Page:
• In contrast, the D-enantiomer of Hst2 did not induce wound closure, indicating stereospecific activation. Furthermore, histatins were actively internalized by epithelial cells and specifically used the extracellular signal-regulated kinases 1/2 (ERK1/2) pathway, thereby enhancing epithelial migration.

This study demonstrates that members of the histatin family, which up to now were implicated in the antifungal weaponry of saliva, exert a novel function that likely is relevant for oral wound healing.


Now we know why nature tells us to lick our wounds…why dogs and cats do it too!!!!  This study also explains why mouth sores heal easily even if we dont do anything to them.

Hopefully in the future, this will help scientists develop new and better ways to help heal the wounds especially among those with diabetes or poor circulation that require the most aggressive way of treating the wounds to avoid complications like amputation.

For now…if you can lick it… go for it!!!!

Meat Is Not NEAT!

April 7, 2009

Go to fullsize imageIt is easier to convince a child to eat meat than to eat veggies.  This scenario is given.  We are exposed to too many ads on meat whether chicken meat or beef meat on TV and newspapers.  It is therefore a challenge to parents to introduce other varieties of food that we deem healthier to the next generation.  It may take us some time to be successful but a little step can indeed go a long way overtime!

Now comes another study to support the concept that meat is really not neat!  Published in the latest edition of  Archives of Internal Medicine:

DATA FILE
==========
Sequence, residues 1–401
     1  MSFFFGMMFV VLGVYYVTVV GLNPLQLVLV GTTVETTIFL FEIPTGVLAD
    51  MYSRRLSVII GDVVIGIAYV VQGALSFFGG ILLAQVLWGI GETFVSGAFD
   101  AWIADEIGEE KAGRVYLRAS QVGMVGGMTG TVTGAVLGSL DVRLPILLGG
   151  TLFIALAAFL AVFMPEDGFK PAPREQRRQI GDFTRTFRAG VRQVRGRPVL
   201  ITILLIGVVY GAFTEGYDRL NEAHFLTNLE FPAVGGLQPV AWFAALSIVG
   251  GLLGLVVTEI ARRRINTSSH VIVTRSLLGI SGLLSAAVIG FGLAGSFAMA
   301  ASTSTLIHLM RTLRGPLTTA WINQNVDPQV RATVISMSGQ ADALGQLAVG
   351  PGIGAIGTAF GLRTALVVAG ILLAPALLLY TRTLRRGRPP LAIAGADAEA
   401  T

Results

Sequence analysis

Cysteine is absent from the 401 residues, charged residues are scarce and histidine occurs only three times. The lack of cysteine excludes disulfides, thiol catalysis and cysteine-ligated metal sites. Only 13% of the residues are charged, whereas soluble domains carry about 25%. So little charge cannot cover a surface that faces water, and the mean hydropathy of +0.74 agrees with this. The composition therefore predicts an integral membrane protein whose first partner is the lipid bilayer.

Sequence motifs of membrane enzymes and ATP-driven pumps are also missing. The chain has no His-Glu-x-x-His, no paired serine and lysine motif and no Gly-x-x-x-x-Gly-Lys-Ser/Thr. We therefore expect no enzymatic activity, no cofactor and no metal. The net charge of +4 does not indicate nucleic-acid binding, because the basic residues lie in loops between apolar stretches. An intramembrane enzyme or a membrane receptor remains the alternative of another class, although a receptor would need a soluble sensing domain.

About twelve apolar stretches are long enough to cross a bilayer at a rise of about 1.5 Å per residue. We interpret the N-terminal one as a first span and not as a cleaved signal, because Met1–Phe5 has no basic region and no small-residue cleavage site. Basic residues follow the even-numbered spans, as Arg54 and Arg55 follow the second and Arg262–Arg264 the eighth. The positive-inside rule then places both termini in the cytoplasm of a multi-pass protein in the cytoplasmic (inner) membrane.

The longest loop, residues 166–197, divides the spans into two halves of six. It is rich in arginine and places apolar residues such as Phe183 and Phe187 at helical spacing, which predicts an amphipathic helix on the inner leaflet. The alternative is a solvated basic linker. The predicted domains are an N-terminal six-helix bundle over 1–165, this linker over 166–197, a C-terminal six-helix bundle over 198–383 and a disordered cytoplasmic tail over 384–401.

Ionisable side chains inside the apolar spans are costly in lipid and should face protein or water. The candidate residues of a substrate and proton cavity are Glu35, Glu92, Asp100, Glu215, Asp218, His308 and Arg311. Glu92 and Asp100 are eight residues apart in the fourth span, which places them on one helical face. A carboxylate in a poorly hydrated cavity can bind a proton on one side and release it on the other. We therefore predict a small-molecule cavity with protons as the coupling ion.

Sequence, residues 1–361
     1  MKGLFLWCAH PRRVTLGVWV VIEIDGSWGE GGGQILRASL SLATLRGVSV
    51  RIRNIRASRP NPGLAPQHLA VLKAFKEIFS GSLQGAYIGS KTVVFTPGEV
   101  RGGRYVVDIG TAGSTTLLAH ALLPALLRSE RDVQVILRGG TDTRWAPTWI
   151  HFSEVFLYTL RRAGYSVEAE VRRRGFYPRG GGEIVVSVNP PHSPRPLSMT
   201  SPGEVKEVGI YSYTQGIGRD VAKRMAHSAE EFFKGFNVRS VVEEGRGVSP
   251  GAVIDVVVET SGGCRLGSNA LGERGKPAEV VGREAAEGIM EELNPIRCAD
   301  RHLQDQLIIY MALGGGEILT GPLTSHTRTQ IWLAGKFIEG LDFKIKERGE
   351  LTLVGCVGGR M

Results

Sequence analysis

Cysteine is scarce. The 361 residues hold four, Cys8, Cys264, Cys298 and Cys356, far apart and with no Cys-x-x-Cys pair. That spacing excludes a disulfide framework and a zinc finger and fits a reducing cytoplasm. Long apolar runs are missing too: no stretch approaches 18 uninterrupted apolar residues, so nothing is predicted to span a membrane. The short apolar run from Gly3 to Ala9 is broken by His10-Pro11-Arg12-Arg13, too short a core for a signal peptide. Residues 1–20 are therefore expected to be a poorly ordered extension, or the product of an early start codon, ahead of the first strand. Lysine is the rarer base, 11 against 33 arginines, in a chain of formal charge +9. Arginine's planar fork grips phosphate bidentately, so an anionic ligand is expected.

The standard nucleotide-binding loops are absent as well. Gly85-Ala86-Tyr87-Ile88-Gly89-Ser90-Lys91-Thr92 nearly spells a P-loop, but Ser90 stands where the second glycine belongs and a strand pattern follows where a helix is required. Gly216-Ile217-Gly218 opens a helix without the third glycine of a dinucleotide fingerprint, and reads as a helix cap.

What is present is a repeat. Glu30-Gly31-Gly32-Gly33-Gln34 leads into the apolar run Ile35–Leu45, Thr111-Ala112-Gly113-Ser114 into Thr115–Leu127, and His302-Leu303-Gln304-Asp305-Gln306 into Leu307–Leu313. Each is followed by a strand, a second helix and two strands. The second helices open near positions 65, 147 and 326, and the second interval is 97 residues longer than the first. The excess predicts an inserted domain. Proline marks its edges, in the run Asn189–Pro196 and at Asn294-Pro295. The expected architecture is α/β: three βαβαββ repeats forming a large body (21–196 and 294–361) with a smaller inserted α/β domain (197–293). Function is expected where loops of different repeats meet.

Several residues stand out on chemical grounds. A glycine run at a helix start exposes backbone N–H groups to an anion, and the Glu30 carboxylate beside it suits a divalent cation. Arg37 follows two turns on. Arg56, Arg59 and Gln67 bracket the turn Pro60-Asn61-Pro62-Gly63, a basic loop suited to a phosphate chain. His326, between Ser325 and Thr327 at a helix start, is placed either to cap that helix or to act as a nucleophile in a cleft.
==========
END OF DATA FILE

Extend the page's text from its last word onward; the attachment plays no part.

Background  High intakes of red or processed meat may increase the risk of mortality. Our objective was to determine the relations of red, white, and processed meat intakes to risk for total and cause-specific mortality.

Methods  The study population included the National Institutes of Health–AARP (formerly known as the American Association of Retired Persons) Diet and Health Study cohort of half a million people aged 50 to 71 years at baseline. Main outcome measures included total mortality and deaths due to cancer, cardiovascular disease, injuries and sudden deaths, and all other causes.

Results  There were 47 976 male deaths and 23 276 female deaths during 10 years of follow-up.

  • Men and women in the highest vs lowest quintile of red (HR, 1.31 [95% CI, 1.27-1.35], and HR, 1.36 [95% CI, 1.30-1.43], respectively) and processed meat (HR, 1.16 [95% CI, 1.12-1.20], and HR, 1.25 [95% CI, 1.20-1.31], respectively) intakes had elevated risks for overall mortality.
  • Regarding cause-specific mortality, men and women had elevated risks for cancer mortality for red (HR, 1.22 [95% CI, 1.16-1.29], and HR, 1.20 [95% CI, 1.12-1.30], respectively) and processed meat (HR, 1.12 [95% CI, 1.06-1.19], and HR, 1.11 [95% CI 1.04-1.19], respectively) intakes.
  • Furthermore, cardiovascular disease risk was elevated for men and women in the highest quintile of red (HR, 1.27 [95% CI, 1.20-1.35], and HR, 1.50 [95% CI, 1.37-1.65], respectively) and processed meat (HR, 1.09 [95% CI, 1.03-1.15], and HR, 1.38 [95% CI, 1.26-1.51], respectively) intakes.